Organ-specific vasculature

Although key pathways required for general vasculature development have been elucidated, it remains unclear how organ-specific features such as the blood-brain barrier, which restricts free exchange of molecules between the blood and central nervous system (CNS), are established. Through a series of genetic studies in mice, Andrew McMahon and colleagues (Science 322, 1247–1250; 2008) now show that the assembly of the vasculature surrounding the developing CNS requires specific Wnt ligands secreted from the neural tube. The authors found that embryos devoid of Wnt7a and Wnt7b activity show a severe hemorrhaging phenotype that is restricted to the CNS. Similar phenotypes occur after ablation of Wnt7b from the neuroepithelium on the background of Wnt7a deficiency, and after ablation of the Wnt downstream effector β-catenin from vascular precursor cells. Expression of the glucose transporter GLUT1, which is normally expressed abundantly in the adult blood-brain barrier, was markedly reduced in the same mutant backgrounds. Conversely, ectopic expression of Wnt7a in scattered cells outside the CNS resulted in enhanced GLUT1 expression in adjacent endothelial cells, showing that Wnt7a signaling is sufficient to induce features characteristic of CNS vasculature. KV

Blood serum metabolites

Karsten Suhre and colleagues report a genome-wide association study (GWAS) for metabolites present in human serum (PLoS Genet. 4, e1000282; 2008). The study included 284 men 55–79 years of age, selected from within the KORA F3 population-based study in southern Germany. They measured a selection of 363 naturally occurring metabolites in serum of these men at a single time point. The authors corrected both for genome-wide SNP testing (on the Affymetrix 500k microarray), as well as for testing association with multiple traits, estimating an overall genome-wide significance threshold at 1.33 × 10−9. Although no single SNP met this strict threshold for association with an individual metabolite concentration, several came close and were considered targets for further replication. Taking another approach, the authors examined the ratios of functionally related metabolites, reducing variance and highlighting more robust statistical associations. The study provides an interesting example of need to correct for associations with many functionally related traits within a single GWAS and suggests that one approach may be to consider grouping of related traits. The authors further found that four of their top candidate associations were also reported in several recent GWASs on multiple lipids traits, suggesting a functional relationship for these associations of medical relevance. OB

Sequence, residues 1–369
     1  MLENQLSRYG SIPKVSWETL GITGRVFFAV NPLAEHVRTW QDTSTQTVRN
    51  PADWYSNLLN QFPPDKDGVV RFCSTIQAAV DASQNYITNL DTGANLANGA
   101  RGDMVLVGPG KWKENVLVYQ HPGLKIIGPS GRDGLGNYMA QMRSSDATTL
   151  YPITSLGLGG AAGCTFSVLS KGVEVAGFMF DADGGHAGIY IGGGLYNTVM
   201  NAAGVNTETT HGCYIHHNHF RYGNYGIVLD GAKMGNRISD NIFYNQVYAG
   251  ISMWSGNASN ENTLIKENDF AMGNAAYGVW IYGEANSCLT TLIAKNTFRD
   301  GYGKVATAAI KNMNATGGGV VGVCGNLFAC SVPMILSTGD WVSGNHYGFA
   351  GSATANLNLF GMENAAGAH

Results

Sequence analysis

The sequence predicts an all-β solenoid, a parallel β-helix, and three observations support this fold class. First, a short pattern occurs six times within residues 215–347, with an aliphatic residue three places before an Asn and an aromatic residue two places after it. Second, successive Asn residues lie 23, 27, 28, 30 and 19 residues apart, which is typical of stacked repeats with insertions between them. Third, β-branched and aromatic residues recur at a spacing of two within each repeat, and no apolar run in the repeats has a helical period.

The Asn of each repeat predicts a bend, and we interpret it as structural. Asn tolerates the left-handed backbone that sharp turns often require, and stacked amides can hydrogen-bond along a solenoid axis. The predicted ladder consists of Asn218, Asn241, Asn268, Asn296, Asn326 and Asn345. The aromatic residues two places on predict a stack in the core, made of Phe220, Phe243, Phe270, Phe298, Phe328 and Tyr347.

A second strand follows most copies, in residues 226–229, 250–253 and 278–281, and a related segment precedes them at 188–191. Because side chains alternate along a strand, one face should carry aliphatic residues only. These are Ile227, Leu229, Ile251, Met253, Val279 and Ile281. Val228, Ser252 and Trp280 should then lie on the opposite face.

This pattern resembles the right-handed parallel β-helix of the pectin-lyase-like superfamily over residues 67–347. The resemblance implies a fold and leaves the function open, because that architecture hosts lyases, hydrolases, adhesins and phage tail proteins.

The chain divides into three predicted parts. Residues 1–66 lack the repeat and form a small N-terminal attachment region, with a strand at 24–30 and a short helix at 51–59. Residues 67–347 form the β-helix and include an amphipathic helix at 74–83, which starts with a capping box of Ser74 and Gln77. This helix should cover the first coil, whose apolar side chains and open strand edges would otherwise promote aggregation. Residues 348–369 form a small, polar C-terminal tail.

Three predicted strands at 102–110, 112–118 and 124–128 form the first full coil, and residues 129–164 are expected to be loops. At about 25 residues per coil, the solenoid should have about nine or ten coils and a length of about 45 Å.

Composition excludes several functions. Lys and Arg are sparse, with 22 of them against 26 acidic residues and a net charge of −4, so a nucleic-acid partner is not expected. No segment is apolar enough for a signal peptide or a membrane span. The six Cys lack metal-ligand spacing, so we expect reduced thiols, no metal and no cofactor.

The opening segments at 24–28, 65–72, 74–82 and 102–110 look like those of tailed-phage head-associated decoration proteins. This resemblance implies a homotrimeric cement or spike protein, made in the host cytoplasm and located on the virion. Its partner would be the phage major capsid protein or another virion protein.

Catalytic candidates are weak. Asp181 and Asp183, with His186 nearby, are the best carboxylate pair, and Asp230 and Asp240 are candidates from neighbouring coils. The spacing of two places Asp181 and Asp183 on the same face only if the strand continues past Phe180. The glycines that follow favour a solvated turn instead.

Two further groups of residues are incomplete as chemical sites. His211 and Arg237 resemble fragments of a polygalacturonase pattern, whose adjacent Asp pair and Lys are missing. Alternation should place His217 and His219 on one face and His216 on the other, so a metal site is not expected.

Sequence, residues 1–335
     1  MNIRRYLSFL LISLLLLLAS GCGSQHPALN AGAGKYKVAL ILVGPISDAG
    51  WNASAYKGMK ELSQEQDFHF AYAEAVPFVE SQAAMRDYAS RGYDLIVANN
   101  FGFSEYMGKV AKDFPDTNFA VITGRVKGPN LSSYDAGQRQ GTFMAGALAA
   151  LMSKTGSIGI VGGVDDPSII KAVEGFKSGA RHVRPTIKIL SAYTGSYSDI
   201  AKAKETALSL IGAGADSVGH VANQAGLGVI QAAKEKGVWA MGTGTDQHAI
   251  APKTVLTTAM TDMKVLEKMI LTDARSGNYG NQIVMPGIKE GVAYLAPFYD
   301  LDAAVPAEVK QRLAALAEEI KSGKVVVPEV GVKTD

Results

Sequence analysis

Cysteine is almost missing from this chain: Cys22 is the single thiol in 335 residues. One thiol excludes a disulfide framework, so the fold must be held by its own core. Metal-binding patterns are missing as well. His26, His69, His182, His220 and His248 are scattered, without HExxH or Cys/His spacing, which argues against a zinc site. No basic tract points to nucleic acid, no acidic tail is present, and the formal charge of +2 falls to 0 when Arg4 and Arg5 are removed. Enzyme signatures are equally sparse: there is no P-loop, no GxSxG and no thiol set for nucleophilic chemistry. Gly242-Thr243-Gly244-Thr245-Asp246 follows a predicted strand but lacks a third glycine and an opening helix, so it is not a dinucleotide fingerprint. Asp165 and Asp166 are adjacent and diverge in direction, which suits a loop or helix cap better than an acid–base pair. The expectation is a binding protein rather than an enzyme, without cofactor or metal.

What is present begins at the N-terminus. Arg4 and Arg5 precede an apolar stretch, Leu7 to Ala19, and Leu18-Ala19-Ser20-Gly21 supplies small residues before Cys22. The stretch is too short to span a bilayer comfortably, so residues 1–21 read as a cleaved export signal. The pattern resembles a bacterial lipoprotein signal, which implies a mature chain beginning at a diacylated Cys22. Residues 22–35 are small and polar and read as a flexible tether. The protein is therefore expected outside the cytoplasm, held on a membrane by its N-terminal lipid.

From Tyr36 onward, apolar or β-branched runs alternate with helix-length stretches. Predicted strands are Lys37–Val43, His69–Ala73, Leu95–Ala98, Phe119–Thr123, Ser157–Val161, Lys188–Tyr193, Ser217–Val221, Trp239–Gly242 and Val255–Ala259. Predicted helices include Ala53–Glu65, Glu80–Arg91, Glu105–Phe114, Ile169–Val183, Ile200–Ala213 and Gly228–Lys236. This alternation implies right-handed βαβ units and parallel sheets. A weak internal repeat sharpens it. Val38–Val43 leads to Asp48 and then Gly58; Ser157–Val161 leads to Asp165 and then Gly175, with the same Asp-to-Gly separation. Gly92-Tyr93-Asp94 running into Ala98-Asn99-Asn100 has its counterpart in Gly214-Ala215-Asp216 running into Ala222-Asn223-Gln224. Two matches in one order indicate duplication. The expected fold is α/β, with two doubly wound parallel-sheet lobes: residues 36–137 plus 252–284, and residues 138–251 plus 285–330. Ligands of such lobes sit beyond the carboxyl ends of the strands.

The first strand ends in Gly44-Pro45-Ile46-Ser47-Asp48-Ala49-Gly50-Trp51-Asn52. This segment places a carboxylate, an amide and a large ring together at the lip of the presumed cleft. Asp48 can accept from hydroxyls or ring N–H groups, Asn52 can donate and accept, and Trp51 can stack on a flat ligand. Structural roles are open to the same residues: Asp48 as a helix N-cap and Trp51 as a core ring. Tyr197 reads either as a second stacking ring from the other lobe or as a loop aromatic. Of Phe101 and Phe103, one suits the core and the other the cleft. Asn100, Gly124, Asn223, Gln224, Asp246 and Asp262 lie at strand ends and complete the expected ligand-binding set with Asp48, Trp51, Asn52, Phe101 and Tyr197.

Pigmentation pathways

There are more than 120 gene products involved in coat color in mice, but far fewer genes underlying pigment variation in human skin have been identified. Anand Ganesan and colleagues now report a genome-wide siRNA-based screen of human melanoma cells for variation in melanin production (PLoS Genet. 4, e1000298; 2008). The authors screened MNT-1 cells, which have a gene expression profile similar to that of normal melanocytes, using the Dharmacon siRNA library. They report 98 genes that, when knocked down, have an effect on melanin production. Approximately half of these genes seem to affect mRNA accumulation of both tyrosinase and its upstream regulator MITF. These genes fall into a wide range of categories, including G protein–coupled receptors, transcription factors, GTPases, kinases and peptidases, as well as at least two genes not previously known to affect melanosome trafficking or sorting. Of particular note were three genes involved in autophagy. Another gene that is required to trigger autophagosome formation (BECN1), but was not identified in the screen, impaired pigment accumulation when knocked down in MNT-1 cells, further implicating autophagy in melanogenesis. The authors suggest that gene products involved in autophagy may be required for the sorting of the melanin synthetic machinery. AP